If physical touch is your ultimate goal, then yes, it probably seems a bit slow. But if you're looking for someone to help shine a light on that which makes you love being alive, in and out of the bedroom, then don't write off the socially distanced approach to dating.
The coronavirus pandemic has forced our species to have difficult conversations about efficiency in every sector. Fortunately, the business of romance is more resilient than that of cruise ships, and dating sites and apps have helped people navigate these strange waters. Online dating during the coronavirus pandemic is basically a more intimate version of online dating in the before times. Dates that used to happen, generally speaking, on a single couch in an enclosed space are increasingly happening through the internet. Through webcams and shared screens across various platforms. Daters are crossing the Netflix threshold, binging multiple seasons of beloved series, before meeting in person. They're taking online classes together, gaming together. And they're opening up more in the process.
Those who were single going into the pandemic can probably relate to the protagonist of the film Cast Away more than the rest of us. In that film, Chuck Noland, a globetrotting workaholic played by Tom Hanks, is tossed around by a chaotic, unsympathetic universe and stranded on a remote island. Spoiler alert: he's on the island for a while. During his time there, he learns to do all sorts of cool things. He gets really good with a spear, makes some decent rope and builds a companion using a volleyball and blood. By the end of the film, he's a model of self-sufficiency, but he appreciates the most meaningful connections in his life more than ever. His extended crash course in being alone has made him a more receptive being, a more considerate friend.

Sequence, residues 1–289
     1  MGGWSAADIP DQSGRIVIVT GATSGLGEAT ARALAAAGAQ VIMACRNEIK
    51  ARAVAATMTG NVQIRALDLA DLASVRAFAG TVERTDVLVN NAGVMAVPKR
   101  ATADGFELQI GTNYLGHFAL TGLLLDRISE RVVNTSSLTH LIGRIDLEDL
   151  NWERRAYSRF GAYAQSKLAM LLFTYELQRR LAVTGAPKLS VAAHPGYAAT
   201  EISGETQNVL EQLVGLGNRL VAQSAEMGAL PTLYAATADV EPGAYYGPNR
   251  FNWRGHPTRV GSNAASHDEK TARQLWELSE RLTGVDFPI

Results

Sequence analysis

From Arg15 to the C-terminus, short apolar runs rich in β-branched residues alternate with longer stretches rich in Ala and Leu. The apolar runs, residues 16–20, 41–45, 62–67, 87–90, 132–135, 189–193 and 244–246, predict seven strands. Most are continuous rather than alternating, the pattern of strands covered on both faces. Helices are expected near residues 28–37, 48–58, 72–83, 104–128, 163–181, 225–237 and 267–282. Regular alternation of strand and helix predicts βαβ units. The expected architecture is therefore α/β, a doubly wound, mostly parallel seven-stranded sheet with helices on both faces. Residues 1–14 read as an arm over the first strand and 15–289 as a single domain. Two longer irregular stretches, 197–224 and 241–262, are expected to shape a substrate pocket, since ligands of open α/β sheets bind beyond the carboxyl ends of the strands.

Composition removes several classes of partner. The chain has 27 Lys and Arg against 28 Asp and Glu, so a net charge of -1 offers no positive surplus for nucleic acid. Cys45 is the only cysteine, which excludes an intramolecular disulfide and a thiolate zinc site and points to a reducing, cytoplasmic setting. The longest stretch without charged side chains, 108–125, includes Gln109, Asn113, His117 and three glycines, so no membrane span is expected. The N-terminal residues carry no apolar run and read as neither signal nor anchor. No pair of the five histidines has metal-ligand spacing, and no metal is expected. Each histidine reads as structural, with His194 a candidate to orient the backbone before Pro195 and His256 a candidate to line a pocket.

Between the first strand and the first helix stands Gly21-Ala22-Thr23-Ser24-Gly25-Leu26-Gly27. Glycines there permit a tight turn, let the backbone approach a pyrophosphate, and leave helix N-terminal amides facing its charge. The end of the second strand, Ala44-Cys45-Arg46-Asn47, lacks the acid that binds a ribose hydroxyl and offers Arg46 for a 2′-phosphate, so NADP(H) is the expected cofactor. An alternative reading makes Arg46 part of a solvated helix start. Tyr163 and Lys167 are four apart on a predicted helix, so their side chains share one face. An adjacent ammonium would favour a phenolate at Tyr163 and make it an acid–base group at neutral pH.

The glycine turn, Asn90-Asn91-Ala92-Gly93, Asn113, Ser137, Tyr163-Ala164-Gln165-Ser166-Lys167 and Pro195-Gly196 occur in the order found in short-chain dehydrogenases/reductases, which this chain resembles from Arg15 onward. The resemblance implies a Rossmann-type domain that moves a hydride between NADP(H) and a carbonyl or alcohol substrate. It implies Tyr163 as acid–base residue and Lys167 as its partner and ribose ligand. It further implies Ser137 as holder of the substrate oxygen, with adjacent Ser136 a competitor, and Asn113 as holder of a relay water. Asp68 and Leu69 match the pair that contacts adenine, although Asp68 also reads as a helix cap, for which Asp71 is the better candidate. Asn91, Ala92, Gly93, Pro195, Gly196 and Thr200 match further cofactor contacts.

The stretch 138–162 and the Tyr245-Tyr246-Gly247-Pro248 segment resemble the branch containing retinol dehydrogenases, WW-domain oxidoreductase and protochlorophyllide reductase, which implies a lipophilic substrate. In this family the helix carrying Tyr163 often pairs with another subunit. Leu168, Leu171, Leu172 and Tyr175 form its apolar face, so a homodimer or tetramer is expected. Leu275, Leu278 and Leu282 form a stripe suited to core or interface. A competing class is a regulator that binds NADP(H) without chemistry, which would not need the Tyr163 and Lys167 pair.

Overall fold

Point being, like Chuck Noland on the island, many single people, confined to their bubbles during the pandemic, have developed various superpowers, one of which is the ability to tolerate being alone. People who are okay with being alone tend to form healthier relationships than those who aren't fond of their own company. They tend to have clearer mental pictures of what they want.